GST has introduced quite a few concepts which are new or unheard by Indian taxpayer. Few are levy of tax on stock transfer of goods, taxation of gifts distributed to employees etc. In terms of Section 7 read with schedule I to CGST Act 2017, there are specified activities which would be subject to GST even though there is no consideration in return for such activities / supplies. One such activity is supply of goods/ services to related persons which includes employees and to distinct person which can include branches/ warehouses with separate GSTIN.
After introduction of GST, there were lot of confusion on taxability of perquisites/ gifts to employees. To clear this, press release dated 10th July 2017 was issued by CBIC. It was clarified that gift has not been defined in the GST law and in common parlance, gift is made without consideration and it is voluntary in nature made occasionally. Accordingly, common facilities such housing, gym etc., would not get taxed. Gifts exceeding the value of Rs.50,000/- per annum per employee would get taxed in the hands of employer being supplier of such gift. Even perquisites cannot be levied to tax as services by an employee to the employer in the course of or in relation to his employment is outside the scope of GST (neither supply of goods or supply of services) being covered in schedule III. When there is no recovery of any amounts from employees, there could not be any GST impact.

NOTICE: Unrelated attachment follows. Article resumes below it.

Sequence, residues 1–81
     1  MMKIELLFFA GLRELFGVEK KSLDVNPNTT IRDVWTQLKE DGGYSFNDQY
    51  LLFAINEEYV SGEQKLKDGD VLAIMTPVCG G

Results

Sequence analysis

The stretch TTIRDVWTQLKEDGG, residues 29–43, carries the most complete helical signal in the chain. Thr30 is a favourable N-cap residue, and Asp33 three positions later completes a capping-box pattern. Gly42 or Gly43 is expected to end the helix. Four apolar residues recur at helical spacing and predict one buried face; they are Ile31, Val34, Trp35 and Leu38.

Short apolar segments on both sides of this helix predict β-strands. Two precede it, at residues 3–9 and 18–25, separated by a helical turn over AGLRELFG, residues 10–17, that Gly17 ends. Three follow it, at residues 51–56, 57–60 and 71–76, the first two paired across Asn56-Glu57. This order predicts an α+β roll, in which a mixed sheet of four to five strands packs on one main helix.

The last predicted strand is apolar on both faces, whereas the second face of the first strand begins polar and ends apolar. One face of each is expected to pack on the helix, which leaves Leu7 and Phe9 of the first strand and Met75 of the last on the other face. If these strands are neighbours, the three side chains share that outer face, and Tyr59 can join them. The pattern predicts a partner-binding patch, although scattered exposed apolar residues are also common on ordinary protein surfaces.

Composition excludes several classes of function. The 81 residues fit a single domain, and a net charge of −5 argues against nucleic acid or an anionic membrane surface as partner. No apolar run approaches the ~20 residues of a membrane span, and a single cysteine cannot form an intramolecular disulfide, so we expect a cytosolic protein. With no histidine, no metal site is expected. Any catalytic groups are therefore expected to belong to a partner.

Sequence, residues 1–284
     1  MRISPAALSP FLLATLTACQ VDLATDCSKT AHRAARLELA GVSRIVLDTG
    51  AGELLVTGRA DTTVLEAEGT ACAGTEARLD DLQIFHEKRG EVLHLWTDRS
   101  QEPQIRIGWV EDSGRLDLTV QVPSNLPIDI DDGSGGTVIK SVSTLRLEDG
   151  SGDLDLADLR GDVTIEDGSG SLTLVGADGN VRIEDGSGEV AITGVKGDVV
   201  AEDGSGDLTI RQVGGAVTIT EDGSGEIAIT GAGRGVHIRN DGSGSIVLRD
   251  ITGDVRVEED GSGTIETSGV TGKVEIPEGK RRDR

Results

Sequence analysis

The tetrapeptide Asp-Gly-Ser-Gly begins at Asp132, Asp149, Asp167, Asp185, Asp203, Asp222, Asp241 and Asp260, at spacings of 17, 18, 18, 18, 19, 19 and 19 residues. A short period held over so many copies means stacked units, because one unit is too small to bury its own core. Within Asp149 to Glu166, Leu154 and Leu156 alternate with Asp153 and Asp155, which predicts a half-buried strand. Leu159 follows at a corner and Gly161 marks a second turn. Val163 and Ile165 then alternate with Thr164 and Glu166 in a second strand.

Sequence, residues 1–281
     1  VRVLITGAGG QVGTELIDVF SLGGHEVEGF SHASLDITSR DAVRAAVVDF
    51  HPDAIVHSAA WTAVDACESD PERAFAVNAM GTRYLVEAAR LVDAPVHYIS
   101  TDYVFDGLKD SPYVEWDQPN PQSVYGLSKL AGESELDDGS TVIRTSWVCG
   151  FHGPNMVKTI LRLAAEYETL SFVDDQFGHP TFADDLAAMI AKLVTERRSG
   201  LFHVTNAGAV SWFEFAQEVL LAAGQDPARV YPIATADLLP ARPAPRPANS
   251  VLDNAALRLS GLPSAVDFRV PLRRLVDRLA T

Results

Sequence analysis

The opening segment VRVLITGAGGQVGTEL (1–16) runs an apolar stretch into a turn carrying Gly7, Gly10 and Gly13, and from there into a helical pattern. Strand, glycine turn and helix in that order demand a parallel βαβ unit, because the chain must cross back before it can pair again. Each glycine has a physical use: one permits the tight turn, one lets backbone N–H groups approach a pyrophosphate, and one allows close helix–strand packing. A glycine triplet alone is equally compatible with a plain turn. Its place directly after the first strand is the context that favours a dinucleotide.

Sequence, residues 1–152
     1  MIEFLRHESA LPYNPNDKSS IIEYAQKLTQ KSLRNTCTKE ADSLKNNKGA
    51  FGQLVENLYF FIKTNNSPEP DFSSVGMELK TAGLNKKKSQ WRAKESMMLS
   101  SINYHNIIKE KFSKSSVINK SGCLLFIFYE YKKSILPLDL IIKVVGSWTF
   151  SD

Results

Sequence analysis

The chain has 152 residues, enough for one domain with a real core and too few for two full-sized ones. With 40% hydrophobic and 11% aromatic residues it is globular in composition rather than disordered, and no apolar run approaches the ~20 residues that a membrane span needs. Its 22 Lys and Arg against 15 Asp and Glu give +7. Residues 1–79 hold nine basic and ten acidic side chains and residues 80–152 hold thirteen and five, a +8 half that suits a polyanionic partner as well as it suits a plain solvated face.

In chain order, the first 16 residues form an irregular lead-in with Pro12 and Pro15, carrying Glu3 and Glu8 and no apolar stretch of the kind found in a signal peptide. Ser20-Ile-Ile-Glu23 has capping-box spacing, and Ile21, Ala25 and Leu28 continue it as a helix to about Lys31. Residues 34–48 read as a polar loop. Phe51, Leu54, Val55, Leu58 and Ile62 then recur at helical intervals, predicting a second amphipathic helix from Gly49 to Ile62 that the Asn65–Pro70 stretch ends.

GST on supplies
Services by an employee to the employer in the course of or in relation to his employment would not be treated as either supply of goods or supply of services in terms of Schedule III to CGST Act 2017. Therefore, any payments made by an employer to employee in terms of employment contract should not suffer GST. The issue would arise when there are supplies which are made to employees outside the terms of employment for which consideration is received by employer other than in form of ‘employment services. It is important to note that services by an employee to employer is outside the purview of GST and not vice versa.
Free common facilities not taxed
Considering the press release dated 10th July 2017, common facilities provided commonly to employees without any recover would not be subject to GST as they cannot be considered as gifts:
1. Telephone / mobile services
2. Internet services
3. Education reimbursement for employees’ children
4. Transport facilities
5. Membership of gym, health club etc.
6. Subscription to journals
7. Canteen facilities
8. Coffee / tea and other beverages during office hours
9. Training facilities
10. Parking services
11. Insurance for self and family
12. Uniform including shoes
13. Joining bonus
14. Access to furniture and other infrastructure